Stomatopod Larva
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Stomatopod -  Larval Mantis Shrimp

Early stage
Mid Stage
Late Mid Stage
Very Late Stage

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Aptly named Mantis Shrimps or Mantid Lobsters, or squillids, this group of predatious crustacea capture prey with large powerful raptorial limbs, just like the insect preying mantids do. Adult shrimps may be 30cms long. Deep well formed holes lined with salivory mucus to keep walls intact. Some produce a flexible lid or sphincter, of sand and saliva which partly closes the tube. Mostly active at night these ferocious characters lunge from their tubes to grab over-swimming fish and almost any other suitable victim.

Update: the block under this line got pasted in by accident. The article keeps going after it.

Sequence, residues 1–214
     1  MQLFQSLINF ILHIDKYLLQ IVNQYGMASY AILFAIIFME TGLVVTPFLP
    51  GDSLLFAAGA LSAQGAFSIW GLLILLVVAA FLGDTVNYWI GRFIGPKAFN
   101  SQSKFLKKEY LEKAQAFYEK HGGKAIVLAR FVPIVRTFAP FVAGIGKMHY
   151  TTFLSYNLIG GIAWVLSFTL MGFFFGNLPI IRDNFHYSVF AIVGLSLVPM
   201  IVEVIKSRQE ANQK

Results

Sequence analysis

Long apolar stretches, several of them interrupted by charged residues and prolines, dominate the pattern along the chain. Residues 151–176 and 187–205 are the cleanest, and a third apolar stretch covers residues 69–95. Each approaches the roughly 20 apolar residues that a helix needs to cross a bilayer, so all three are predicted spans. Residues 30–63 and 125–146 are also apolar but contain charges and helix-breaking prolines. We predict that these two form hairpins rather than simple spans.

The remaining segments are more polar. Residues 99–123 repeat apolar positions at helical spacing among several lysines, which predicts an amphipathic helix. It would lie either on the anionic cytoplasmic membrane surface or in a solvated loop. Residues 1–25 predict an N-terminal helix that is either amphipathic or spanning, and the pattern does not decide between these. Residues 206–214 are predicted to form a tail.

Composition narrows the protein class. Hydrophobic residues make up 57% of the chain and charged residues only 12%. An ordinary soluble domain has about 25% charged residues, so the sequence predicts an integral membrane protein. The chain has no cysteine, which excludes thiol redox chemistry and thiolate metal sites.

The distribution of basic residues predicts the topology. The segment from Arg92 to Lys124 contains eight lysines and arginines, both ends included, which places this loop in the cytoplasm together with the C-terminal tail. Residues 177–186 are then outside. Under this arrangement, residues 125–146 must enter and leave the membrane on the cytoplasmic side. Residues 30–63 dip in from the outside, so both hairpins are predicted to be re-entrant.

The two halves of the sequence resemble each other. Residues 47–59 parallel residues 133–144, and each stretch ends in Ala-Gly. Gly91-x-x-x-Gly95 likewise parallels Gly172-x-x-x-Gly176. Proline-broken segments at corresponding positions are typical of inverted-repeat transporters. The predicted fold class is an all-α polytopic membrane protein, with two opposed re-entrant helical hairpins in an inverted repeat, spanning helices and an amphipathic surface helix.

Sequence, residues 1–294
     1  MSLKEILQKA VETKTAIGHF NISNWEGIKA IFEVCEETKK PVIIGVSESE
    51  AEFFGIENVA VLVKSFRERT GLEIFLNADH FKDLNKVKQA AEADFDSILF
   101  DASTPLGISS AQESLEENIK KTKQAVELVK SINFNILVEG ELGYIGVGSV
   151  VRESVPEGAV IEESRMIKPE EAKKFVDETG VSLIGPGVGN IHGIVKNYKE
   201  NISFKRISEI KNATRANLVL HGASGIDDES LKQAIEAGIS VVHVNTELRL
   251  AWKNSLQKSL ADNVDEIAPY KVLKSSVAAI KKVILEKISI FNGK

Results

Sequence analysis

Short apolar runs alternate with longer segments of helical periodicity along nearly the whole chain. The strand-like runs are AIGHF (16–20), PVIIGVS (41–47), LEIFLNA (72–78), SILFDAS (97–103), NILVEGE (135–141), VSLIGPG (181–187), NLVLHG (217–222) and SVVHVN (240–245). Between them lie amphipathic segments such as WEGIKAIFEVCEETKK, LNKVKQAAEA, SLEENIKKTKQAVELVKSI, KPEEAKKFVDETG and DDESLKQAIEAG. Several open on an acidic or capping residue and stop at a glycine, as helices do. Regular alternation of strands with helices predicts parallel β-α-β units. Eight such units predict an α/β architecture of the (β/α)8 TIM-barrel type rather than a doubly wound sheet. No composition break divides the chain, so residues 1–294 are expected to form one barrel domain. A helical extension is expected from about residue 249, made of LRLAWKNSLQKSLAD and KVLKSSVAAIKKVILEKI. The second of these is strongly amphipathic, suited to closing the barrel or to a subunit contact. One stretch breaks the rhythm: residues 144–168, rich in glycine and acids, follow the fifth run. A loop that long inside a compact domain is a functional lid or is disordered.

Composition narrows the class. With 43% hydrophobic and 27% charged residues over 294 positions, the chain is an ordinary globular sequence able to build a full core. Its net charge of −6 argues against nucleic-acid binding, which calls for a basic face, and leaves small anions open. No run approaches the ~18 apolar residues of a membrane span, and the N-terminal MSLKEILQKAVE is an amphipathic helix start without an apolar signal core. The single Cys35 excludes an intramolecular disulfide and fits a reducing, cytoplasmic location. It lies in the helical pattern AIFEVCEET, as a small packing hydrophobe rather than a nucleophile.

The eyes of stomatopods are the most sophisticated in the animal kingdom. Each eye and eye stalk has bifocal (3-D) vision. Each compound eye being dumbell shaped and capable of detecting three different polarisations of light.

The late larval stages are beautifully transparent and are active predators in the plankton community. the group exhibits two types of larval development, the earlier stages of which are passed in the burrow. The later stages leading to the alima stage become more like the adult and prior to settling out, after six weeks or so in the plankton, they may be five centimetres long and as transparent as glass.

In Bermuda, Mantid shrimps are called 'split-thumb' or 'split-toe' because of their ferocious habit of striking at human interlopers!

 

Adult Mantis Shrimp looking out of its burrow, showing its powerful forearms folded back under its body

Adult Mantis Shrimps

 

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